Letting Other Lives Speak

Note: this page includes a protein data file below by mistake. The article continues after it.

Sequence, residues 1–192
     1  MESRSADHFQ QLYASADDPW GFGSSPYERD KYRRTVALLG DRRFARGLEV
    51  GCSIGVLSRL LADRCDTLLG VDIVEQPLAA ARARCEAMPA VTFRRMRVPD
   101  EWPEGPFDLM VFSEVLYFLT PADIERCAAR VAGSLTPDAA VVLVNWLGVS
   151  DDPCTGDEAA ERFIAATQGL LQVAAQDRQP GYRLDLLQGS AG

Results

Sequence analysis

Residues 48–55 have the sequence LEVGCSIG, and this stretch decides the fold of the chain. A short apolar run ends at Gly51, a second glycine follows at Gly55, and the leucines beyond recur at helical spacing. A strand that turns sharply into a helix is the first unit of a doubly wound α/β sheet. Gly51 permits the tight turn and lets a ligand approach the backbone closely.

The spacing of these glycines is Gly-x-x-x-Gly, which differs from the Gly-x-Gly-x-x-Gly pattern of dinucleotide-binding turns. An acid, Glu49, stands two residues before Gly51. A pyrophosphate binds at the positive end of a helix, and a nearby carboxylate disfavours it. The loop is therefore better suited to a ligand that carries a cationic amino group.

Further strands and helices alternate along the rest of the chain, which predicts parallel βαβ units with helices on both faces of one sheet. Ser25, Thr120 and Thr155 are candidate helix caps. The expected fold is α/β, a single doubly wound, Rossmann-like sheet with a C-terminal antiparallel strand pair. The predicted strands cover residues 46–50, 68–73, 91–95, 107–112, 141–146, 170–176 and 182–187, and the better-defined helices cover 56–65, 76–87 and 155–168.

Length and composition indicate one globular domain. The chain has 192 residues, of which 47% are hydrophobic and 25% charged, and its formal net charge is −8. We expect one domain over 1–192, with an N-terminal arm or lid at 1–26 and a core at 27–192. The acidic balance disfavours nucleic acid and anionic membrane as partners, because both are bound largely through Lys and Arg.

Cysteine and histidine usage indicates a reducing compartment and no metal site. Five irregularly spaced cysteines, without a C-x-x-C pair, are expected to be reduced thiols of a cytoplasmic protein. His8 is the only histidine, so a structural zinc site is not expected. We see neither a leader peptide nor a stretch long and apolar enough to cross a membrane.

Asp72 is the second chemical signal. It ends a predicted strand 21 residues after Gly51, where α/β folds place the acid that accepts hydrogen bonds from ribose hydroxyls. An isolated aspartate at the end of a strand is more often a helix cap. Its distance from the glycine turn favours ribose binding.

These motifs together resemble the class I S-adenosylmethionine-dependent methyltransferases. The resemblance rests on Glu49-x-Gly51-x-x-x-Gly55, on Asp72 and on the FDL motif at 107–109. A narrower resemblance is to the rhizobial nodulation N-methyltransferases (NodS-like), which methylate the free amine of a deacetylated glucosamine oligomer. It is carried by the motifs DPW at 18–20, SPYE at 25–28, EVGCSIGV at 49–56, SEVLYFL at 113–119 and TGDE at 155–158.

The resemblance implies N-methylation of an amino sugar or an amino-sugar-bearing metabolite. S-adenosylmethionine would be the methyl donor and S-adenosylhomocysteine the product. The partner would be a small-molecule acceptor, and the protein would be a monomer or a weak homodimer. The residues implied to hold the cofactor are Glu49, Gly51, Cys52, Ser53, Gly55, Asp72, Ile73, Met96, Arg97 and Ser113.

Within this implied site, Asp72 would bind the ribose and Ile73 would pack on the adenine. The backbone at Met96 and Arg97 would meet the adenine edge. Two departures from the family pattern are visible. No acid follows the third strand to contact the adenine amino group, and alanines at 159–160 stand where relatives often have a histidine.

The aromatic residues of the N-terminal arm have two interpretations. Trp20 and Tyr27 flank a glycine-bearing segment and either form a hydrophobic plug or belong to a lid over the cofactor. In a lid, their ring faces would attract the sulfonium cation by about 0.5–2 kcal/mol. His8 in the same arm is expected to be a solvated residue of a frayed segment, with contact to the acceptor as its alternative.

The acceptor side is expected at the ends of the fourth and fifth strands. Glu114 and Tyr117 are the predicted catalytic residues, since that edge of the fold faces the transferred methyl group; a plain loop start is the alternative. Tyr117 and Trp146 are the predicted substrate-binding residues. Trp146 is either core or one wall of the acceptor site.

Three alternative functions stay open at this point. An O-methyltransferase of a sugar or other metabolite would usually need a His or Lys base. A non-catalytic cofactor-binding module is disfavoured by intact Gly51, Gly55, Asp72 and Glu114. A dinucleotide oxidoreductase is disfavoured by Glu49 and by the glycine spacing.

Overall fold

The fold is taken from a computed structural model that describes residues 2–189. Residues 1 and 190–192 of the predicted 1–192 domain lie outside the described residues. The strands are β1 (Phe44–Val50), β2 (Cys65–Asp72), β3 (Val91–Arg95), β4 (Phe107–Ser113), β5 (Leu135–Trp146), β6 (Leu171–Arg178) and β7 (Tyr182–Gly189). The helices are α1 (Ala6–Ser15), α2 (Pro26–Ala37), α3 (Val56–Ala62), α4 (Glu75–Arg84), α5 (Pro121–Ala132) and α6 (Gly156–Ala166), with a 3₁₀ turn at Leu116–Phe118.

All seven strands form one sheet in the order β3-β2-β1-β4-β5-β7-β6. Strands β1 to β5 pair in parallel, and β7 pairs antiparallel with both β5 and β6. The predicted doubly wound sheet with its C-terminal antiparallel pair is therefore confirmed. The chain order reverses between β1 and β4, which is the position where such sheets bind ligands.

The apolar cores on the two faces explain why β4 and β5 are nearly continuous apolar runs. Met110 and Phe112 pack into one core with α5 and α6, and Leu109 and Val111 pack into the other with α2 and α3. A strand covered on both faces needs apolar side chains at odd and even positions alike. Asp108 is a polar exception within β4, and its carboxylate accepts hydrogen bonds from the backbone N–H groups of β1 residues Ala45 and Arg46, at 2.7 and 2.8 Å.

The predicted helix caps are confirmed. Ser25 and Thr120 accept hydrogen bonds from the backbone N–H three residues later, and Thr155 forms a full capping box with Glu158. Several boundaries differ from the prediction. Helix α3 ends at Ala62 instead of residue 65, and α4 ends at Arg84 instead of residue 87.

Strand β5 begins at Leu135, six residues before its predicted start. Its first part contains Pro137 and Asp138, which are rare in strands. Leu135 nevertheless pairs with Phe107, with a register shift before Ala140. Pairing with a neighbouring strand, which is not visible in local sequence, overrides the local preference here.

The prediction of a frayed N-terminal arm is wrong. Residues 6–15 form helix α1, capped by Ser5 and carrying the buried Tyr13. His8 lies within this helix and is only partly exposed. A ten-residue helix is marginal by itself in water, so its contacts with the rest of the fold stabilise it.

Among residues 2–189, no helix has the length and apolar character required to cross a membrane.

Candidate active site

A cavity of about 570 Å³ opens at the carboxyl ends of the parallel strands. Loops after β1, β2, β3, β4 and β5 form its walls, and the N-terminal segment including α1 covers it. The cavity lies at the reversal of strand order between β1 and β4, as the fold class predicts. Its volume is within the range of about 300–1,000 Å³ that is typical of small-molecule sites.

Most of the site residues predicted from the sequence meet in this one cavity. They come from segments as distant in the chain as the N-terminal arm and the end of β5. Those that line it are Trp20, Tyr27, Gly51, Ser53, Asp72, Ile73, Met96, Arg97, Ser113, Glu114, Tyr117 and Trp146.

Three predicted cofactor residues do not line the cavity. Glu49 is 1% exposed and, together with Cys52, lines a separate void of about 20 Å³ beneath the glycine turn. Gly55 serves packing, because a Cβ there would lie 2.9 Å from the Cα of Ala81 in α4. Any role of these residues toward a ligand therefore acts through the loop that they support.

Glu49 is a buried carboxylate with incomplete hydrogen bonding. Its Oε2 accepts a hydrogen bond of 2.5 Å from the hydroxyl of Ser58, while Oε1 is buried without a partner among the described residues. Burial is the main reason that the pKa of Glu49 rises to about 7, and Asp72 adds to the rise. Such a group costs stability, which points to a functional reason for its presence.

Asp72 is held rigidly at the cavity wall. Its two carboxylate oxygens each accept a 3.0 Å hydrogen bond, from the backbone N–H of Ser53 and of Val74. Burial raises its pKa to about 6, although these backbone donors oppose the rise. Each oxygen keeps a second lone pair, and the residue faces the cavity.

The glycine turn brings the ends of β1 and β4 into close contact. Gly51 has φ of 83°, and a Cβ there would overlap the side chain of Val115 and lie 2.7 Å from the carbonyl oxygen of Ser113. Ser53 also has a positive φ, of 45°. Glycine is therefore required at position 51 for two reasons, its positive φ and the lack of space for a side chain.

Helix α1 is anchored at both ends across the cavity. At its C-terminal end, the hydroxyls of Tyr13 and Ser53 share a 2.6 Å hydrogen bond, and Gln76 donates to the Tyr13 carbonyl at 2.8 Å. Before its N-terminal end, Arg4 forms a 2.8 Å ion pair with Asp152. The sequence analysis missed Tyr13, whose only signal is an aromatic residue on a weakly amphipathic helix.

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Letting Other Lives Speak: Two Women and Two Documentaries Point of view shapes everything. No human endeavor is free from it. How a person chooses to tell a story, be it fiction or non-fiction, personal or biographical, affects how an audience receives that story. Documentarians are natural storytellers. They select points of view to relay messages to target audiences. However, the mission of those messages can change from original intentions, and whole new stories emerge when filmmakers form strong, personal relationships with their subjects. In Ruth L. Ozeki’s novel My Year of Meats and in Linda Hattendorf’s film The Cats of Mirikitani (2006), female documentarians encounter people who have shocking true stories to share, and these women must choose how to let these hidden lives speak through their own lenses, both personally and professionally. Jane Takagi-Little in My Year of Meats is a documentarian who lives in an apartment in the East Village of New York City. She is the daughter of an American man and a Japanese woman, which makes her, in her own words, “racially half” and “uniquely suited to the niche [she] was to occupy in the television industry” (9). Her story begins in first person point of view of a tumultuous year that had just ended: January 1991. She comments that it was “…the first month of the first year of the last decade of the millennium” and “President Bush had launched Desert Storm, the most massive air bombardment and land offensive since World War II” (7). Within the maelstrom of those political and economical concerns, she lands a production job with My American Wife, a documentary for Japanese television sponsored by BEEF-EX, which features American women serving up American beef. Jane’s job is to... ... middle of paper ... ...my’s life while also recording his hidden history so others may know. Linda captures Jimmy’s observations on the uncomfortable parallels between what happened to him during WWII and what might happen to others as a result of 9/11. Through intensive research, networking, time, and a heart-driven lens, she helps Jimmy recover his status, his citizenship, and his place in American society. Two cultures. Two New York women. Two American documentaries. It does not matter that one is real and the other is imagined. What matters is how these stories blossom from the documentarians’ original intentions into resonating stories that passionately illuminate dark places in human experience. Who can deny the awesome power of point of view when “community and art” can heal suffering, “…when something rocks your world and nothing is the same after?” (Independent Lens; Ozeki 8)

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